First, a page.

Ahmad Shuja Pasha(Redirected from Ahmed Shuja Pasha)
Ahmad Shuja Pasha
|احمد شجاع پاشا|
|Director General of the Inter-Services Intelligence|
October 2008 – March 2012
|Preceded by||Nadeem Taj|
|Succeeded by||Zaheerul Islam|
|Director General of Military Operations at GHQ|
April 2006 – October 2008
|Commandant Command and Staff College Quetta|
April 2005 – April 2006
|General Officer Commanding 8th Infantry Division,Sialkot|
January 2003 – April 2005
|Contingent and Sector Commander United Nations Mission in Sierra Leone|
18 March 1952|
Sialkot, Punjab Province, West-Pakistan
|Years of service||1974–2012|
|Unit||Frontier Force Regiment|
8th Infantry Division, Sialkot|
Command and Staff College, Quetta
DG Military Operations (DGMO)
United Nations Mission in Sierra Leone
Command and Staff College
Sierra Leone Civil War|
War in North-West Pakistan
Lieutenant General Ahmad Shuja Pasha (Urdu: احمد شجاع پاشا), HI(M) (born 18 March 1952) is retired three star rank army general of the Pakistan Army.He was the Director-General of the Inter-Services Intelligence (ISI), the main intelligence service of Pakistan from October 2008 until March 2012. He was due to reach the age of superannuation on 18 March 2010 but received an extension of one year. and retired in March 2012. Pasha was replaced by Lieutenant General Zaheerul Islam. In 2011, Ahmad Shuja Pasha was named as one of the 100 most influential people by Time Magazine.
Pasha joined the 49th Long Course at Pakistan Military Academy, Kakul. He was commissioned as a Second Lieutenant in the Frontier Force Regiment, in 1974. He has commanded an infantry battalion, a mechanized infantry brigade and has served as the Chief Instructor of the Command and Staff College of the Pakistani Army. From 2001 to 2002, Lt. General Pasha served as a Contingent and Sector Commander of the United Nations Mission in Sierra Leone.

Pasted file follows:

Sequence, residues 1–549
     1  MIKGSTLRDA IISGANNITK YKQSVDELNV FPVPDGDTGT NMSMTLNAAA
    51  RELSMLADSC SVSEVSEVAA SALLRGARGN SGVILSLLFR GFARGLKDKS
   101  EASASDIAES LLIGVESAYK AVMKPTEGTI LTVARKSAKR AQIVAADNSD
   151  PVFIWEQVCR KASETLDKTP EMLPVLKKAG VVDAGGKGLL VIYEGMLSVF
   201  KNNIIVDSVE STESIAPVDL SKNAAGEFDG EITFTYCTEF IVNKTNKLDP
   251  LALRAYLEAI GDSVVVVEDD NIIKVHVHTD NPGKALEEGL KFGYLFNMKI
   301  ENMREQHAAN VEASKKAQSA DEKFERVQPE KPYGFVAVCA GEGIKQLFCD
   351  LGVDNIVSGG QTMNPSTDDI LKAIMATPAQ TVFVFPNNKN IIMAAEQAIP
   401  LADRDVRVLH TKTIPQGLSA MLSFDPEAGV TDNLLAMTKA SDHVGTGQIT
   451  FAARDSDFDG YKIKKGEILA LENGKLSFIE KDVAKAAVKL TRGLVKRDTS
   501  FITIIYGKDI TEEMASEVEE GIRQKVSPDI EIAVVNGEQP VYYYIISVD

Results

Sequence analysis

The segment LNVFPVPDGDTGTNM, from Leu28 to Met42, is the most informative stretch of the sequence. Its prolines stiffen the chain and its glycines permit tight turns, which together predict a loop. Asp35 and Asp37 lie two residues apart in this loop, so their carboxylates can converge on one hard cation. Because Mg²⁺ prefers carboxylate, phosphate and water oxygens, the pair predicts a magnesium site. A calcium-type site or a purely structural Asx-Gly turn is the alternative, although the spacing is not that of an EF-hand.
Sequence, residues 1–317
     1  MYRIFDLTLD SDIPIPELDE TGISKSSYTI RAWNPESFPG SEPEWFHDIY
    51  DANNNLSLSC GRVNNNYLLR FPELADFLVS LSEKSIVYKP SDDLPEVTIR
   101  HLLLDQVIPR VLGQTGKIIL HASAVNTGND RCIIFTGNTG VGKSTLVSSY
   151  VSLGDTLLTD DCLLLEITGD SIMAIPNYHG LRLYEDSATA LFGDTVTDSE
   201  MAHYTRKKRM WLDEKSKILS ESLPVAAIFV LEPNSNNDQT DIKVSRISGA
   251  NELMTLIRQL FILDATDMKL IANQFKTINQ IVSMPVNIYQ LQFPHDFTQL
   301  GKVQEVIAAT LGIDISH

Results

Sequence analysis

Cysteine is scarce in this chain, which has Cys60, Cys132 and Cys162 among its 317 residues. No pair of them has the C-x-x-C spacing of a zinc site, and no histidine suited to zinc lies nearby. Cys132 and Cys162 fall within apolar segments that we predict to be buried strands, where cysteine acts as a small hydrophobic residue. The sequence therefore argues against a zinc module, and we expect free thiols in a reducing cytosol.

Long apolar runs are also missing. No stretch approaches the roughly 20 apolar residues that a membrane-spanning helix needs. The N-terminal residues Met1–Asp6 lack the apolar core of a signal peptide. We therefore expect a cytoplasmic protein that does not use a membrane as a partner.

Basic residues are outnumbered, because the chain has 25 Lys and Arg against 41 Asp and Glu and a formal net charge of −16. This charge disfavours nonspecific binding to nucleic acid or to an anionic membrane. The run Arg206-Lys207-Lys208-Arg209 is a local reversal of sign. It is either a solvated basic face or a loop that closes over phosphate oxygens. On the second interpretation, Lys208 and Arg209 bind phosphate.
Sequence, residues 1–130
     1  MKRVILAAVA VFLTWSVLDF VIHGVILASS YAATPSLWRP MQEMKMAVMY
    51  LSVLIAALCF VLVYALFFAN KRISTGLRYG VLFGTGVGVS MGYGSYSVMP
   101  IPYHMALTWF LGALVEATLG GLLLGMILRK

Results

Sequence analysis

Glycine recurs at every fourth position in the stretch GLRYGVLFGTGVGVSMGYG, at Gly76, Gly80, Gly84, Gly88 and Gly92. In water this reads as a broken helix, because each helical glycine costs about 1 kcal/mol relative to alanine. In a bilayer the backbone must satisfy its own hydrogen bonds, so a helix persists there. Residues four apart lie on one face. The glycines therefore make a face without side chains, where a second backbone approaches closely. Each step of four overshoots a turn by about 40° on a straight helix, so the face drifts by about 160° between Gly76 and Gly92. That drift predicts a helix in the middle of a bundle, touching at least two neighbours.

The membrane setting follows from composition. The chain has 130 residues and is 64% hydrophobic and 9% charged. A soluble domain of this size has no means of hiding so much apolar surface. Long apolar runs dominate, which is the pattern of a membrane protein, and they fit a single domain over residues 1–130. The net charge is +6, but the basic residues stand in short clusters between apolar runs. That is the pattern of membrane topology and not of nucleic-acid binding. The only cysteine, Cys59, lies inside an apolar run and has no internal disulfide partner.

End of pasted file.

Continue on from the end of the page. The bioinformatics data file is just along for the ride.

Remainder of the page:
Pasha was promoted to Major General on 5 January 2003, and posted as GOC 8th Infantry Division in Sialkot. In April 2005, he was appointed the Commandant of the Command and Staff College in Quetta. From April 2006 to October 2008, Pasha served as the Director General of Military Operations at the Army headquarters overseeing all military engagements in Waziristan, Swat and other tribal areas.
ISI appointment (2008–2012)Edit
The newly elected civilian government of Prime Minister Yousaf Raza Gillani tried for two months to gain control of the appointment for the director of the ISI as well as place the agency under the administrative, financial, and operational control of the Interior Ministry. However, the attempt failed when the Chief of Army Staff, General Kayani appointed Pasha on 29 September 2008. Pasha’s prior post was responsible for planning operations against Taliban and al-Qaeda militants in the FATA and Khyber Pakhtunkhwa provinces of Pakistan, signaling a reorientation from the ISI's traditional Kashmir and India focus.  The United States Government had pressured Pakistan to replace Lieutenant-General Nadeem Taj, the then incumbent chief of the ISI, whom they claimed to have been "double dealing" with militants with a more acceptable candidate like Pasha. Additionally, Pasha’s appointment was part of a wider Chief of Army Staff reappointment shake-up that solidified General Kayani’s loyalty among the military as all prior appointees were done by former President and Chief of the Army Pervez Musharraf.
Pasha retired as Director General, ISI on 18 March 2012 and was succeeded by Lt. General Zaheerul Islam.
2008 Mumbai attacksEdit
In the wake of the 2008 Mumbai attacks, the Indian media reported that President Asif Ali Zardari had instructed Pasha to go to India to share intelligence after a request from Indian Prime Minister Manmohan Singh, which would have constituted the first time a head of the ISI traveling to help the investigation of a terrorist attack. Under pressure from the Pakistan military, the decision was however reversed within a few hours.
The Memorandum AffairEdit